9. I formally nominate this as the comment of the week! Napalm bridge burners!

  4. EricaSwagger says:

    1- I can’t get over the fact that people out there honestly think a relationship can exist via the internet alone. An important dating rule to remember: IF YOU HAVE NEVER MET IN PERSON, HE IS NOT YOUR BOYFRIEND.
    Holy freaking crap.

    1. SweetPeaG says:

      I can really only let this pass if she is a kid. I have created a scenario in my head that is acceptable. Because otherwise, I just can’t fathom it. And it makes me feel better than imagining this to be a grown woman (which makes me sort of sad)…

      This LW is a 14 year old girl. She can’t drive yet. Her parents forbid her to date until she’s 16 or something. She met a cute boy online and they used to IM all the time. She stumbled upon Dear Wendy and thought she’d write in because she’s never broken up with a boy before and wants to know the best way.

      1. Haha, yeah, I had an “online boyfriend” when I was 15 or so. I think he was maybe a little older than me, which is kind of sadder for him. And eventually he just stopped responding to me. I just assume he got bored.

      2. Me too. I think it was a symptom of growing up in the 90s when the internet was a crazy new thing.

      3. ele4phant says:

        Yes, I very well think this could be the case.

        And if so, the poor girl doesn’t deserve to be flamed. Simply informed that if you haven’t met someone in person, they are not your boyfriend.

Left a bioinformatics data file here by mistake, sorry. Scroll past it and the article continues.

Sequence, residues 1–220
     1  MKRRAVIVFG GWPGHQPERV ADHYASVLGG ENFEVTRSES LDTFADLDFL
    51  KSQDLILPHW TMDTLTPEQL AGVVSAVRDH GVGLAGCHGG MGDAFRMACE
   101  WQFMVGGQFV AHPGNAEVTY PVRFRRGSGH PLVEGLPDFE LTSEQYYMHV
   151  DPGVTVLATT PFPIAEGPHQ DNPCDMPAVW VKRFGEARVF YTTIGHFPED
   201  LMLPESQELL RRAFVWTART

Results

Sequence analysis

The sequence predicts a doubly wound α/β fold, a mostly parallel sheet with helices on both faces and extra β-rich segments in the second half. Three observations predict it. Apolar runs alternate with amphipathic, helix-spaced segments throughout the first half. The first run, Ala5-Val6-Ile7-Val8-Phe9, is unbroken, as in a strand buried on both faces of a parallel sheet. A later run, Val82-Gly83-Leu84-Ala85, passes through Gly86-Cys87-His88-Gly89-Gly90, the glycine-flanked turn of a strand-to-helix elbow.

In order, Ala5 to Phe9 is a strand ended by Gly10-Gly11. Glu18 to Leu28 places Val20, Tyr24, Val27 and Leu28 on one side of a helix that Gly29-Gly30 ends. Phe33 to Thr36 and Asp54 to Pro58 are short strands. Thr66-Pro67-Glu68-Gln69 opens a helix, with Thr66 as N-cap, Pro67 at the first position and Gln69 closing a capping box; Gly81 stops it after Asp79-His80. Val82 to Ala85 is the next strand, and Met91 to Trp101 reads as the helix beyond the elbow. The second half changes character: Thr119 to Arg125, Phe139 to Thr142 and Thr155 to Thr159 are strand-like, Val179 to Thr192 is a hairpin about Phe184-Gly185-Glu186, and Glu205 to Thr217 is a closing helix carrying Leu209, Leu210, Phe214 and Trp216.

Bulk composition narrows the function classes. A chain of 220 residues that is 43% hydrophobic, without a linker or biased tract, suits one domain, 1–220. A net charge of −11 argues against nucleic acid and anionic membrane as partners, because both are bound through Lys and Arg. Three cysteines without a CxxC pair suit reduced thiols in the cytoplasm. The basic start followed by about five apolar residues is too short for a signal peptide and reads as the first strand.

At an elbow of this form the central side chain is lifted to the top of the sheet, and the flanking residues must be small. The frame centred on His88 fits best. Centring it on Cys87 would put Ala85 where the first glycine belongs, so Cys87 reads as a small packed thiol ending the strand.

But if she’s a grown woman, c’mon now. Seriously, stop acting like a 14 year old.

    2. brendapie says:

      It happens but I have a hard time considering it a relationship. It’s possible the LW isn’t a kid but the majority of the online relationships I’ve read about involve teenagers or people in or just out of college who can’t afford to meet in person or don’t have parental permission to do so.

      I found http://www.reddit.com/r/wemetonline while browsing Reddit and it does give some insight to this world.

  5. It seems a little rude to just stop responding to someone you’ve been communicating with for months, regardless of your relationship (or lack thereof). I don’t think it would hurt to tell him straight-out that you aren’t interested in continuing, instead of waiting for him to ask after being ignored.

  6. sarolabelle says:

    I’ve used the i don’t want a pen pal a lot. It works.

  7. Thanks, LW1! Going by your definitions, me & Bradley Cooper are practically engaged! Seriously though, if you’re already cooling off (as the move from IMing to email only suggests) and you couldn’t even contact him in person if you wanted to (no phone number?!?) I say just let it be.

    LW2- this is a WTF? WWS situation anyway, but the fact that you dragged your daughter ACROSS THE COUNTRY at the drop of a hat, AND THEN removed her from her home AGAIN simply because you couldn’t have a conversation with your boyfriend about your situation…it boggles the mind. How about focusing on providing a loving, stable environment for your daughter instead of whimsically chasing boys around the country?